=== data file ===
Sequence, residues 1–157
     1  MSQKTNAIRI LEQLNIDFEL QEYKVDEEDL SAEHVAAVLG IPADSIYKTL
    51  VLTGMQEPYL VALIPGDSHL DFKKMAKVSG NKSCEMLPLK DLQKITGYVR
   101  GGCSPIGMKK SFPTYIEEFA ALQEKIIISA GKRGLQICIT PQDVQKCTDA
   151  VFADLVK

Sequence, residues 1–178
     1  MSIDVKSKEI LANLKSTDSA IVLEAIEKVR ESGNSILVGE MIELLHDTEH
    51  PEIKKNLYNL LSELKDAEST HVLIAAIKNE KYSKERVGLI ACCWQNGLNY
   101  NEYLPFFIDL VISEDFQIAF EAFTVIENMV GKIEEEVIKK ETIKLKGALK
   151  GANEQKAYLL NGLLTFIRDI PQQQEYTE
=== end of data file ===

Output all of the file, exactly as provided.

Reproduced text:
Sequence, residues 1–157
     1  MSQKTNAIRI LEQLNIDFEL QEYKVDEEDL SAEHVAAVLG IPADSIYKTL
    51  VLTGMQEPYL VALIPGDSHL DFKKMAKVSG NKSCEMLPLK DLQKITGYVR
   101  GGCSPIGMKK SFPTYIEEFA ALQEKIIISA GKRGLQICIT PQDVQKCTDA
   151  VFADLVK

Sequence, residues 1–178
     1  MSIDVKSKEI LANLKSTDSA IVLEAIEKVR ESGNSILVGE MIELLHDTEH
    51  PEIKKNLYNL LSELKDAEST HVLIAAIKNE KYSKERVGLI ACCWQNGLNY
   101  NEYLPFFIDL VISEDFQIAF EAFTVIENMV GKIEEEVIKK ETIKLKGALK
   151  GANEQKAYLL NGLLTFIRDI PQQQEYTE